To create a society that effectively reduces the extreme and pervasive levels of poverty, homelessness and unacceptable economic insecurity associated with capitalism as normal in Australia and elsewhere will require both a productive, transformed and high-performing economy and systemic redistribution of income, wealth and opportunity.
We await the ideas, leadership and, above all, changes required to make Australia the best it can be.
Labor misses mark over productivity
It is a bit rich for shadow treasurer Jim Chalmers to cite productivity in defence of his uncosted spending plans (“Bigger debts and deficits under Labor”, May 17).
Phrases like “more bang for your buck” and “quality of spending” are hardly reassuring when it is certain that public sector employment will grow even more, as it has in Victoria and Queensland. Claims of “investing” in health and education do not guarantee productivity in these areas, however popular they may be.
It is instructive that just $200million has been promised for roads in regional areas, but $2.5billion for aged care and $5.5 billion for childcare.
Where is the productivity there? Labor continues to gloat over the growth of federal debt under the Coalition, but any attempts to rein in deficits have been derailed twice, once by the felling of Tony Abbott by Malcolm Turnbull and again by the outlays during the pandemic.
Would Labor make any attempt at all to tackle this greatest obstacle to productivity?
Albanese needs to pick side over lawless union
It is interesting to note that nobody has taken the trouble to ask Anthony Albanese whether, should he win the election this week, he will bow to the CFMEU and disband the Australian Building and Construction Commission.
Even with the commission in place, the union has shown absolute contempt for the law, as witnessed by the multitude of fines imposed upon it.
Disbanding the commission would be a green light for the union to continue the thuggery and intimidation that has been its hallmark. It would be good to know whether, as prime minister, Albanese would side with upholding the law or the lawless union.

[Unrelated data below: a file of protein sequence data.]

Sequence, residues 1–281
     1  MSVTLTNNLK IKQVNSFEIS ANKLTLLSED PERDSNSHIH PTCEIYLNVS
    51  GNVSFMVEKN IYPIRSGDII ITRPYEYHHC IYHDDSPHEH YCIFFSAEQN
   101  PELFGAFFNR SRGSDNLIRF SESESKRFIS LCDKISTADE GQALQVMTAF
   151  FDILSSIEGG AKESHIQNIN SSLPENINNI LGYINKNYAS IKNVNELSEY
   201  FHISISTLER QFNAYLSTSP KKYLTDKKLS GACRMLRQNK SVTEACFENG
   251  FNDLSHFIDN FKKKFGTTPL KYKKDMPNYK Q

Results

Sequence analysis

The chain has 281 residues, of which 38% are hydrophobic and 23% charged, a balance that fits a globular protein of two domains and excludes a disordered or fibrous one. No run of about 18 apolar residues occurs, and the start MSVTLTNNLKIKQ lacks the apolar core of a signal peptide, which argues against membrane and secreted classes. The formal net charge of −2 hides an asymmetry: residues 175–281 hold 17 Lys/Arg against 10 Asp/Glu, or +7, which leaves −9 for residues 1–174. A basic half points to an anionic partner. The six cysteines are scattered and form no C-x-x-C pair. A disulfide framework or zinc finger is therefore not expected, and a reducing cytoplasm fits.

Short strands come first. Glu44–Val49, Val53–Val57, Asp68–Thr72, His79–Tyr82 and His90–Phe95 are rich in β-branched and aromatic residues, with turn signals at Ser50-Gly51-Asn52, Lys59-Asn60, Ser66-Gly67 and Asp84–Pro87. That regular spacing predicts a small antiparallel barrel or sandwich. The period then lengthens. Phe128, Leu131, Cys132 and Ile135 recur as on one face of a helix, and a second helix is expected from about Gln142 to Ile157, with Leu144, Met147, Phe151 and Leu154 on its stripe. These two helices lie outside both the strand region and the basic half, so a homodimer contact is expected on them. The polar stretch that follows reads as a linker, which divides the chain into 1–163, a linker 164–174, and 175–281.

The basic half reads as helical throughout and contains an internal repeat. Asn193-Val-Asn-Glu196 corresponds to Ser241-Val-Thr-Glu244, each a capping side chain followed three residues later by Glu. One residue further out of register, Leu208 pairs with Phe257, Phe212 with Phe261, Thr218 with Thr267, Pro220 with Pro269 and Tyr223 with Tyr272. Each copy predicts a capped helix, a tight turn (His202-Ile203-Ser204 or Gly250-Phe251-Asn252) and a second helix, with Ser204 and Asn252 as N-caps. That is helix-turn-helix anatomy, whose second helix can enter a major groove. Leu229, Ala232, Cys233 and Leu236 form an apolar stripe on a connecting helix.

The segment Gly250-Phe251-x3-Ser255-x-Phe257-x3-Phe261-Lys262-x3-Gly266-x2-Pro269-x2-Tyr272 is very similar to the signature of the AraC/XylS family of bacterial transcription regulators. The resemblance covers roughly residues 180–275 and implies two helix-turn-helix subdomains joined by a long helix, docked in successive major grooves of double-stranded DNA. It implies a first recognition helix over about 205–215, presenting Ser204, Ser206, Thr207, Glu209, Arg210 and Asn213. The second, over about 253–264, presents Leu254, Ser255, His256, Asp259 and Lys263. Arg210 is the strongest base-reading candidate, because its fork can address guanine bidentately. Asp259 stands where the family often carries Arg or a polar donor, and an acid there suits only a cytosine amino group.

Ian von Berg
Fossil fuel industry abuses its free ride
Thanks Adrian Blundell-Wignall for your call for “politicians who have the courage to take on the big issues” (“Climate change: neither big party up for the job”, May 17).
However, scientists do consider Labor’s plan is superior to LNP’s; also, Labor’s Chris Bowen has sensibly stated they’ll do more when elected.
The global climate crisis is so critical now we must “manage the Earth’s energy balance to restore a cooler climate” (James Hansen, monthly update, May 16). He stresses that the fossil fuel industry is dumping its waste gases, free of charge, into our atmosphere.
He urges governments to impose a fee on carbon and distribute dividends to all citizens. At least our new government should consider this.
Numbers that reveal climate laggard
No wonder Australia is considered to be a climate “laggard” among its trading partners.
The following facts unfortunately support our reputation:
The US has committed to a 50 to 52per cent reduction in greenhouse gas emissions on 2005 levels by 2030;
The UK has promised a 78 per cent emissions reduction by 2035;
The EU has pledged to cut emissions 55 per cent by 2030 on 1990 levels; Japan has committed to a 46 per cent cut by 2030 on 2013 emissions;
The Australian Labor Party has agreed on an emissions reduction policy of 43 per cent on 2005 levels by 2030 and the Greens have agreed to a 75 per cent cut by 2030.
In stark contrast, the Coalition has agreed to reduce emissions to 26 to 28per cent below 2005 levels by 2030.
I am sure the inadequate policy adopted by the Scott Morrison- Barnaby Joyce government will have a strong influence on the results of the election on Saturday.
Myrtle Bank, SA
Singapore shows way on super for housing
Using some proportion of superannuation to assist in buying a home is not a unique idea for Australia.
I was surprised, when working across Asia, when our Singapore manager explained any citizen buying a house could use a proportion of their super.
The only stipulation was that the person’s super account must be repaid first when the home was sold. Singapore has one of the highest home ownership rates in the world.
Morrison’s chickens come home to roost
Watching the prime minister over the last week brings to mind the Woody Allen joke where a patient says to his psychiatrist, “My brother’s crazy, he thinks he’s a chicken”.
When the psychiatrist tells him to let his brother know he is not a chicken, the patient replies that he would, but he needs the eggs.
After the super housing deposit policy, I feel enough Australians are finally going to realise they do not need their eggs from this government.
Voters don’t hang on Bishop’s every word
For a former federal minister and now university chancellor, Julie Bishop is being remarkably vocal with her views on the election campaign and the performance of key party protagonists.
Why she reckons voters are interested in her views about the campaign is hard to fathom.
These folk seem to think voters hang on their every word. We don’t. We are capable of making judgments without their self-serving and repetitious assistance.
Whichever panel Bishop is on this Saturday evening, I won’t be watching.